Harvey Bernard Milk, the first openly gay man to be elected to public office in America, was assassinated on November 27, 1978. He always knew he would die young; Milk’s biographer, Randy Shilts, finds evidence of his fatalism going back to his early days as a closeted Wall Street conservative. Nearly a year to the date before he was killed, the city supervisor–elect sat in the kitchen of his Castro Street apartment and recorded a political will to be played “only in the event of my death by assassination.” Largely concerned with his envisaged succession—favoring, as Milk had throughout his entire career, those who came up in the grassroots gay movement over conciliatory career politicians—the tape recordings further addressed themselves to the rage and despair sure to be vented at his murder. Riots had more than once broken out during the Mayor of Castro Street’s rise to power, as the people who rose with him, no longer cowering from injustice, unleashed their power on the streets of San Francisco. Milk asked for that anger to be redirected into the one thing that “would do more to end prejudice overnight than anyone could imagine”: coming out.

Maybe that’s why Milk, directed by Gus Van Sant from a screenplay by Dustin Lance Black, fails to show the White Night Riots. When it was announced that Dan White, the disgruntled city supervisor who had assassinated both Milk and mayor George Moscone, would receive minimum sentencing (thanks, in part, to the notorious “Twinkie defense” that claimed junk food had temporarily addled his mind), the peaceable crowd that had gathered in front of San Francisco city hall awaiting the verdict proceeded to smash shit up and set it ablaze. There is amazing footage of these riots, as there is of the stone-silent, incandescent candlelight march that engulfed Market Street the night of Milk’s death. The Times of Harvey Milk, Rob Epstein’s superb 1984 documentary, summons its emotionally shattering force from the rhyme of these lights. For once, they called us flamers for good reason. The fires complete each other. One without the other tells half a story.

Van Sant was equivocal when I asked why he chose not to film the riots. Black’s script, he explained, was obligated by the richness of Milk’s biography to certain parameters. Most of their choices are good, if limited by the scope of a conventional narrative feature. And Milk is nothing if not conventional. It begins with the tape-recording session, returning to it throughout—while taking great liberties with its content—so that Harvey (Sean Penn) might narrate his own saga. It begins on the night of his 40th birthday, picking up a cutie (James Franco as Scott Smith) in a New York subway station, and quickly heads west to a burnt-out, post-hippie, working-class Irish neighborhood in San Francisco’s Eureka Valley known as the Castro. On setting up a small camera shop below the apartment he shares with Scott, Harvey is drawn into local business politics and the burgeoning gay scene that would soon revitalize the Castro as a thriving queer mecca. Milk rushes through this late-blooming springtime of Harvey’s career, glancing at his formative alliance with the local labor union, and averting its eyes completely from his enthusiastic sampling of San Francisco treats. “No more pot and bathhouses,” Harvey soon declares, clean-shaven and suit-wearing, as he readies for a run at political office.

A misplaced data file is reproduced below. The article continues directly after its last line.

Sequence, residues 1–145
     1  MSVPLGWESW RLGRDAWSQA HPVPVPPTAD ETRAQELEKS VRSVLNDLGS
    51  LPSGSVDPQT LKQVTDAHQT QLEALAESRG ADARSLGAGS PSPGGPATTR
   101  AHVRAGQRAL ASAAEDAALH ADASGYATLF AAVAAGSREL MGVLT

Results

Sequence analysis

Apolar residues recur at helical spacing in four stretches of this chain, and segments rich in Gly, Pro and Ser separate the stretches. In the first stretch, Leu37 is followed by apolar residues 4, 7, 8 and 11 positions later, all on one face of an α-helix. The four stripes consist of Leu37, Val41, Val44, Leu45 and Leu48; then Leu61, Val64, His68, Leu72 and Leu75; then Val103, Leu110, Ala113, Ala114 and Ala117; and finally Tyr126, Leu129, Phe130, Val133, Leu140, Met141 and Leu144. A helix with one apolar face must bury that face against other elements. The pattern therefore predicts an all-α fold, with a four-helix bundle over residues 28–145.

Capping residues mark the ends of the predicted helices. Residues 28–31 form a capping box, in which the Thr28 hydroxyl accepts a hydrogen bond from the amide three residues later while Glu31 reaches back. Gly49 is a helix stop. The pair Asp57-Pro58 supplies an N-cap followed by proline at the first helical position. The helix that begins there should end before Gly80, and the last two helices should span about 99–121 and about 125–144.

The rest makes for solid political procedural: a well-edited and handsomely staged look at how the grassroots grow. Milk is the first movie Van Sant has made about adults since Psycho (98). And perhaps it’s more accurate to say that the biopic, like the remake, is a reflection or simulacrum of preexistent figures. Milk is clearly motivated by getting its story and message across with maximum clarity. No Béla Tarr abstractions here, no Leslie Shatz soundscapes—and no major improvement over The Times of Harvey Milk except insofar as talented movie stars enacting a colorful historical drama command attention, and this movie deserves it. It’s the straightest thing in Van Sant’s career, not unlike Ang Lee’s Brokeback Mountain. The framing device—Milk testifying from beyond the grave—nearly feels regressive coming from a filmmaker who spent the last decade rethinking how to frame an event. Accepting Milk as prophet on top of hero, figurehead, and martyr, Van Sant has gone from meditating on inscrutable saints to something quite close to overdetermined hagiography.

But isn’t Milk, like Elephant and Last Days, another doom-laden chronicle of a death foretold? You know going in that all three, for one reason or another, will end in annihilation. As such, Milk is a natural outgrowth of Van Sant’s wandering in the experimental woods, though it strikes out in significant ways from both the earlier films. Suspense forgone, what remains for the viewer of these movies is an engagement with the experience of dying, an intellectual and sensory involvement with the process of demise. External, social, historical, and optimistic where <em>Elephant and Last Days are internal, private, hallucinated, and pessimistic, Milk, a very old-fashioned kind of picture, establishes a new direction in the death-trip movie.

By the middle of the current decade, the shock of apocalyptic terrorism had fully seeped into the imagination of filmmakers, and there came in response a series of movies predicated on foreknowledge of death: Elephant (03), The Passion of the Christ (04), The Death of Mr. Lazarescu (05), Last Days (05), United 93 (06). In each case, an unrelenting fatalism gets tied up with pronounced formalist strategies. Despite a variance of surface effect and ideological purpose, they all operate on similar principles.